Arguments Against Racism in Heart of Darkness

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Date added: 17-09-12

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In his essay entitled An image of Africa: Racism in Conrad’s Heart of Darkness Chinua Achebe makes the claim that Joseph Conrad was a ‘thoroughgoing racist’ giving specific examples from Conrad’s Heart of Darkness. This essay will attempt to show that while Heart of Darkness may contain certain racist elements Joseph Conrad was not a racist and that Heart of Darkness is not a racist text. One of the first claims for racism in Heart of Darkness that Achebe makes is that ‘Africa is presented as the antithesis of Europe and therefore civilisation’ (Achebe33).

Achebe discusses the opening scene in which The Nellie is at rest on the river Thames which is calm and tranquil. Achebe states that Conrad is worried by the similarities that the river Thames shares with the river Congo; England too was once one of the dark places long ago before it was conquered by the ‘civilised’ Romans. Conrad seems to say though that the darkness never truly leaves a place; Marlow states “it is like a running blaze in a plain, like a flash of lightning in the clouds.

We live in the flicker – may it last as long as the old earth keeps rolling! ” In this passage it seems as though Marlow is saying that there has been darkness in this place and that darkness shall return to this place and that the present time is the flicker of light in the darkness. This darkness resides in the hearts of people, and with some careful prodding it can be set loose. Having been to the Congo and having seen the atrocities that Europeans are capable of Marlow has had firsthand experience of the darkness.

It is not that Africa is a place that makes men wicked, there are most definitely wicked men living in Europe, however Africa happens to be a place where the wicked men of Europe do not encounter the checks and balances that keep their wickedness curbed. , and in fact Conrad states “all Europe contributed to the making of Kurtz. ” Conrad tells us that Europe made Kurtz what he was; Africa merely gave him the opportunity to embrace who he truly was. Another case that Achebe makes for racism in Heart of Darkness is the passage dealing with the fireman, which is a rare example of a specific description of an African.

The fireman is an African who has been trained to operate the boat's vertical boiler. Marlow says that through instruction he's an "improved specimen," but he doesn't really understand the machine- he thinks there's an evil spirit inside who gets angry if you don't give him enough water. Marlow gives a not particularly flattering description of the fireman likening him to a dog dressed as a person. However Marlow also states that the fireman “ought to have been clapping his hands and stamping his feet on the bank, instead of which he was hard at work, a thrall to strange witchcraft, full of improving knowledge.

Despite the less than flattering likening of the fireman to a dog dressed as a human, it seems as though Marlow sympathises with the fireman. Marlow feels as though the fireman would be better off engaged in the tribal activity of his kinsmen, instead he has been separated from his family and forced to work for the Europeans who in return are providing him with ‘improving knowledge’. Perhaps Marlow is being ironic in his use of the words ‘improving knowledge’ realising that the knowledge gained from this man’s work for the Europeans will do very little to improve his way of life.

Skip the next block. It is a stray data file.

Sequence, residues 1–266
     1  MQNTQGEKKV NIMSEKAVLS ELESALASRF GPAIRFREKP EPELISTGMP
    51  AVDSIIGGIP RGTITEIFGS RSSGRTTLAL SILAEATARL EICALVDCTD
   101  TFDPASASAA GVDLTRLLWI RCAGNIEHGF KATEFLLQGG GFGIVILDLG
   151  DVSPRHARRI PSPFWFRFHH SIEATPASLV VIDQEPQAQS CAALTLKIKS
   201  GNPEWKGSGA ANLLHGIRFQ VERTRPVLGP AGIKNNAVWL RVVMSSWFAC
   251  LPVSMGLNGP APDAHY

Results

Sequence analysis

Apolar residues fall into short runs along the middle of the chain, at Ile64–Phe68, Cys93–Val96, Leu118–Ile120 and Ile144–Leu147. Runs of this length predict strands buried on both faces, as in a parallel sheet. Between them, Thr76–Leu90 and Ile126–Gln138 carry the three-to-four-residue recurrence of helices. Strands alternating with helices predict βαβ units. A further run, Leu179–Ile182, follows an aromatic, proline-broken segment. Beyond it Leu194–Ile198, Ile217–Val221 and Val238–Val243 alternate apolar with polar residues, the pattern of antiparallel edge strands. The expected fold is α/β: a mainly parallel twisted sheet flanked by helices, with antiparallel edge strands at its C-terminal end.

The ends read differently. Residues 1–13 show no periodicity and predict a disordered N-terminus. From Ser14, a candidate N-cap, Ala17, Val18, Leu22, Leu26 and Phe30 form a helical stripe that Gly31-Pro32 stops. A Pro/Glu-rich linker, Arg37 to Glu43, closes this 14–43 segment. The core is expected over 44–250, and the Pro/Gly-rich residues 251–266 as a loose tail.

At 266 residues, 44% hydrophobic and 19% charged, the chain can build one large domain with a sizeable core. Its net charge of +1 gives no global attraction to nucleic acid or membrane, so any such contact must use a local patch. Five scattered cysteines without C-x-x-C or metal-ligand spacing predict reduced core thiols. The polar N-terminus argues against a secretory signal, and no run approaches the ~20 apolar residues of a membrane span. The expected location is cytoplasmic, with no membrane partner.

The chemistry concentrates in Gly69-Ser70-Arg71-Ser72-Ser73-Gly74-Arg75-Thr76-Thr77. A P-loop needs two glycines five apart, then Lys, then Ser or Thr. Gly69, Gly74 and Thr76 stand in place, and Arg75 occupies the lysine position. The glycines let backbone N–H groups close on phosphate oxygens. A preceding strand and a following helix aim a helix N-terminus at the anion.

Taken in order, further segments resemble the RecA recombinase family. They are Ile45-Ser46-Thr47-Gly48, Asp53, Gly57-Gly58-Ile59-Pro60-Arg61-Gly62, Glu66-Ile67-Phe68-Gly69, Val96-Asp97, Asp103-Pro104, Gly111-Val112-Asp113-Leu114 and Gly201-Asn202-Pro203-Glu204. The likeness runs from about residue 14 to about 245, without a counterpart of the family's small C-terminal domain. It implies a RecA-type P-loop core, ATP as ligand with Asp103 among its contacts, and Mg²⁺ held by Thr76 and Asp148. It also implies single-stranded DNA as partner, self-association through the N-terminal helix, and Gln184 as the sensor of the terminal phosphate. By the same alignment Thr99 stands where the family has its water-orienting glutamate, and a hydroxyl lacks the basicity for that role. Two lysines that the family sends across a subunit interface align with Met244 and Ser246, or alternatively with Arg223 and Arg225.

Marlow is likely sincere in his statement that the fireman should be out clapping his hands and stomping his feet, taking part in the day to day life of and African tribesman. Achebe discusses the fact that, “for Conrad, things being in their place is of the utmost importance” (Achebe 340). Achebe states that “Tragedy begins when things leave their accustomed place, like Europe leaving its safe stronghold between the policeman and the baker to take a peek into the heart of darkness” (Achebe 340).

It is true that all of the events and tragedies discussed in Heart of Darkness would have been avoided had the Europeans not decided to colonise Africa. This fact seems to reflect the idea that Conrad felt that Europeans had no business being in Africa and that all of the hurt and suffering that stems from their occupation is the fault of the occupiers alone. None of the Europeans depicted in Heart of Darkness are interested in trying to help or educate the Africans and most of them seem happy to ignore human suffering in order to continue their work.

The fact that Conrad decided to portray the Europeans in such a negative light seems to suggest that he disagreed with the European occupation of Africa, and hoped to show the negative effects of this occupation to his audience. Conrad himself said “Barbarism per se is no crime deserving of a heavy visitation; and the Belgians are worse than the seven plagues of Egypt insomuch that in that case it was a punishment sent for a definite transgression; but in this the Upoto man is not aware of any transgression, and therefore can see no end to the infliction.